Sportster 883 to 1200 Upgrade
The sections below describe the way to perform an 883 to 1200 upgrade. It can be done differently but my take on this is the more you read and familiarize yourself with information such as this the better prepared you are to tackle the task yourself so reading this should be a helpful guide into what you will experience.
This rebuild consists of choosing Wiseco dished 9.5:1 pistons, X-Hasting
rings, Harley-Davidson base gaskets, Bartels .027 head gasket kit, Andrews N2
Cams, Yost Power Tube and normal Stage I modifications (i.e. Screamin Eagle
(SE) air cleaner, slip-ons, 45/180 re-jet, SE coil, SE 1200 Ignition module and
the Vance & Hines SS2R racing exhaust system).
The steps needed to upgrade an 883 to 1200
WHAT DO YOU DO ON RAINY WEEKENDS IF YOU DON'T WANT TO GET YOUR SCOOT WET?
It was one of those normal NW Oregon kind of days; ugly gray and rainy on and off. The only difference between Oregon rainfall and San Diego rainfall is that between wettings, in San Diego the streets and sidewalks dry out. If you had been in San Diego this weekend and had an 883 sitting in your garage, you might have done what I'm about to tell ya' too.
Saturday, I moved my cage out of the garage to make room to begin my performance upgrade on my 49-state Victory Red '94 883. The plan on the performance side: Wiseco dished pistons, James base gaskets, Bartel's .027" head gaskets, Andrews N2 cams, Yost Power tube, SE Ignition module. On the poseur points side: Black H-D mirrors, black K&N Super Bars, Vance & Hines SS2r racing exhaust, black shocks (Progressive or Koni's), rear sets and much more (of course). I've already done Stage I modifications (i.e. SE air cleaner kit, re-jet carburetor, slip-ons, SE fork brace, etc.).
As the 883 sits, with its trademark classic H-D peanut tank and only 6,200 miles on the odometer, its perfect! Good power, nary a cough through its re-jetted CV, nimble handling, and narrow enough to split the tightest lanes in freeway stop and go traffic. But perfection can always be improved on, right?
After making a lot of room in the garage and laying an old white sheet down to put all the parts upon, I began stripping the scoot. I logged each step as I went along, for one reason, I'm kind of anal-retentive, for another, so I remember how to put it all back together again , and lastly, to type this story up so that some future 'wrench' can find it archived here for reference.
The good news is, I had every tool I needed to strip the scoot down and remove the jugs except a 12 pt 1/2" socket for the head bolts. The bad news, none really. Well, I was a little nervous when I came into the garage Sunday morning and found the scoot leaning over on its jiffy stand. No biggie you might be thinking' but when I left it Saturday night it was sitting on a Dunwel Lift about 6" off the ground! I'll elaborate on that in a later article.
Now its Monday. The heads and cylinders have been removed. All the parts are labeled and laying on that old sheet. Tomorrow I'm taking the cylinders in to be bored and honed and the heads to be ported and valves & seats reground a little for improved flow.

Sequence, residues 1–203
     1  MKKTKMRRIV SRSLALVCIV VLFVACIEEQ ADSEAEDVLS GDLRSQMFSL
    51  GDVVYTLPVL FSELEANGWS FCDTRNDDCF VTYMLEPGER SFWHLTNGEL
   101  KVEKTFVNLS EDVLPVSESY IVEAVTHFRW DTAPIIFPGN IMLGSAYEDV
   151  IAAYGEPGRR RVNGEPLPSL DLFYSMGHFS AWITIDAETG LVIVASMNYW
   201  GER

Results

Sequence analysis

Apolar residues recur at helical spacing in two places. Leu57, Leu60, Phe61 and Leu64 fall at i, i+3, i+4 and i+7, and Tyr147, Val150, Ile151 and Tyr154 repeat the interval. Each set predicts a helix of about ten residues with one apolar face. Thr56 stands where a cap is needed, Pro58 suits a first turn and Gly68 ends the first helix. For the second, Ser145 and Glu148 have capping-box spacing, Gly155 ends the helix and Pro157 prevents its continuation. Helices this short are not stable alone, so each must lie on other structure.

While I'm waiting to get 'them back I'll be doing the Yost Power Tube upgrade. Then, on another free night, I'll be pulling off the cam gear cover and begin swapping my stock cams with the Andrews N2 high torque cams.
While doing the Yost Power Tube upgrade I'll bump my main jet up to a #180 from the #170 I'm running now. The slow jet is a #45. If I notice pinging or poor higher RPM performance after the upgrade is done, I'll swap the #180 with a #185.
I just thought back and realize its been 38 years since me and my high school bud first tore into an old '50 Ford flathead. That was my first experience working on engines. Since then I've completely torn an old Renault 4CV down to its block replacing its innards. And along the way, fooled around with VW's and Mercedes engines and carburetors for many years. The only thing that's changed from those days is, I've got a creeper seat and a lift. In the old days I did all my work while the cars sat jacked up on the street at the curb.
It wasn't until home computers became popular that I realized you could have just as much fun tearing into them, modifying 'them (making' 'them go faster), then buttoning 'them up and never get your hands dirty. That's when I stopped working on cars but I must confess, I am enjoying getting a little dirty again working on this project.
It's always amazing to me to think as you see all the individual parts laying on the floor, that when put together (the right way), these inanimate pieces of metal and rubber can come to life creating that famous Harley sound, motion, and big grin on my face as I head into the wind!Copyright © 1998 Rick Eliopoulos All rights reserved.
Project start date: 28 March 1998
Project end date: 12 April 1998
|Copyright 1997-2006 Stephen Mullen, Oldsmar, FL -+-|